Research by Maya Cruz, Bridges Center Research Assistant

Thank you to the Washington State Labor Council for their collaboration in the inception of this research brief and in the final product.


Key Takeaways:

  • Reproductive justice, and more specifically abortion access, is essential for achieving economic justice.
  • Working Black, Indigenous, and People of Color (BIPOC) are more likely to be negatively impacted by attacks on reproductive rights due to systemic racism.
  • Unions have the power and responsibility to educate and empower their members to fight back against racist, classist, and sexist attacks on human rights.



In Dobbs v. Jackson Women’s Health Organization[1] (Dobbs), the Supreme Court ruled against the almost 50-year constitutionally protected right to safe abortion. By overturning Roe v. Wade, Dobbs allows states to set their own policies concerning abortion and access to reproductive care. While many states have chosen to protect abortion access, others have chosen to restrict peoples’ right to reproductive services. Abortion access encompasses not just reproductive justice, but also impacts safety, workers’ rights, racial justice, and economic justice for people who can become pregnant and their families.

Abortions occur whether they are legal or not, and when abortion is made illegal or inaccessible, more unsafe abortions occur. The World Health Organization (WHO) has found that unsafe abortions are the third leading cause of death for pregnant people and lead to millions of preventable disabilities.[2] In addition, restricting abortion access for people who can become pregnant may lead to more unintended pregnancies, which may increase the pregnant person or child(ren)’s[3] health complications, intimate partner violence, and further economic disparities.[4]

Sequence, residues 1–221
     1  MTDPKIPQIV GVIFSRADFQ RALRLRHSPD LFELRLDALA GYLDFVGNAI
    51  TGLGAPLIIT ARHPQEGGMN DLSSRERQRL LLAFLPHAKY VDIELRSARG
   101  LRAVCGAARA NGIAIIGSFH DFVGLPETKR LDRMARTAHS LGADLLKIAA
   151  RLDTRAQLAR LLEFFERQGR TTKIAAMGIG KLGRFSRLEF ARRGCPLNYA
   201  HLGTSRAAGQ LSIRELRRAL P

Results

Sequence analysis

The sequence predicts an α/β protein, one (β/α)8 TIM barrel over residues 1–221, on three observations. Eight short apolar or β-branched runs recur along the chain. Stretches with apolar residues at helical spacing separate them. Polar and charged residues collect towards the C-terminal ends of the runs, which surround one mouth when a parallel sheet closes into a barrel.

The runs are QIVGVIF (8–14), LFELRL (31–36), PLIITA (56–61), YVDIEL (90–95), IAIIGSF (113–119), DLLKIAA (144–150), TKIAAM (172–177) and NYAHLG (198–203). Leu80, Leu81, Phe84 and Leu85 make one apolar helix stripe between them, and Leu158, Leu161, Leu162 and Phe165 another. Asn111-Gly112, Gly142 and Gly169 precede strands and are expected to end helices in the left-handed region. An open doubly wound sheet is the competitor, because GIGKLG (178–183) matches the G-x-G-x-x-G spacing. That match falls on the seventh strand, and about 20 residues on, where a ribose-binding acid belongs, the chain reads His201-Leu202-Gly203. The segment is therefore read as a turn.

The post-Dobbs landscape has seen restrictions to abortion access across the United States, with fourteen states outright banning abortion.[5] Those who live in restrictive states must now travel farther distances to be able to access abortions. In Idaho, where abortions are banned, one must travel anywhere between 200 and 400 miles in order to reach the nearest clinic that provides abortions.[6] This creates a substantial increase in both the cost of travel and lost income due to taking time away from work.[7] Such a financial burden can make abortions entirely inaccessible for those with low incomes. People who are denied an abortion at the state and economic level have increased chances of reaching poverty just six months after denial.[8]

Not only does abortion denial result in negative economic outcomes for working people, but such denial is often rooted in racism and enacted by right-to-work states that have a sustained history of disempowering workers through low wage standards and restricted collective bargaining power[9] . The resulting economic hardship from abortion denial is especially exacerbated for Black, Indigenous, and people of color (BIPOC) who already face higher rates of forced pregnancy and poverty due to systemic racism,[10] and barriers to accessing healthcare, such as limited resources and discrimination.[11]  Immigration status also compounds the impact of post-Dobbs abortion restrictions as undocumented immigrants and those with differing status risk detention and deportation when traveling across states such as Texas, which has both restrictive abortion bans and a large number of Border Patrol checkpoints scattered throughout the state.[12]


State policy

While abortion remains legal in Washington State, more people are likely to travel from out-of-state, including from neighboring Idaho, to seek abortion and abortion-related care. In 2021, nearly a thousand non-residents received abortions in Washington State, with people traveling from 41 states and Canada to receive an abortion.[13] Between April and October 2022, there was a 12% increase in Idaho residents traveling to Washington for abortions.[14] In response to the increase in restrictive laws across the country, Washington has amended RCW 5.51.020 to protect providers and out-of-state recipients of abortions from any investigations that seek to punish them.[15] With 36 clinics[16] providing abortions in Washington State and with laws protecting both providers and patients, the state has taken steps to ensure abortion remains safe and accessible in Washington.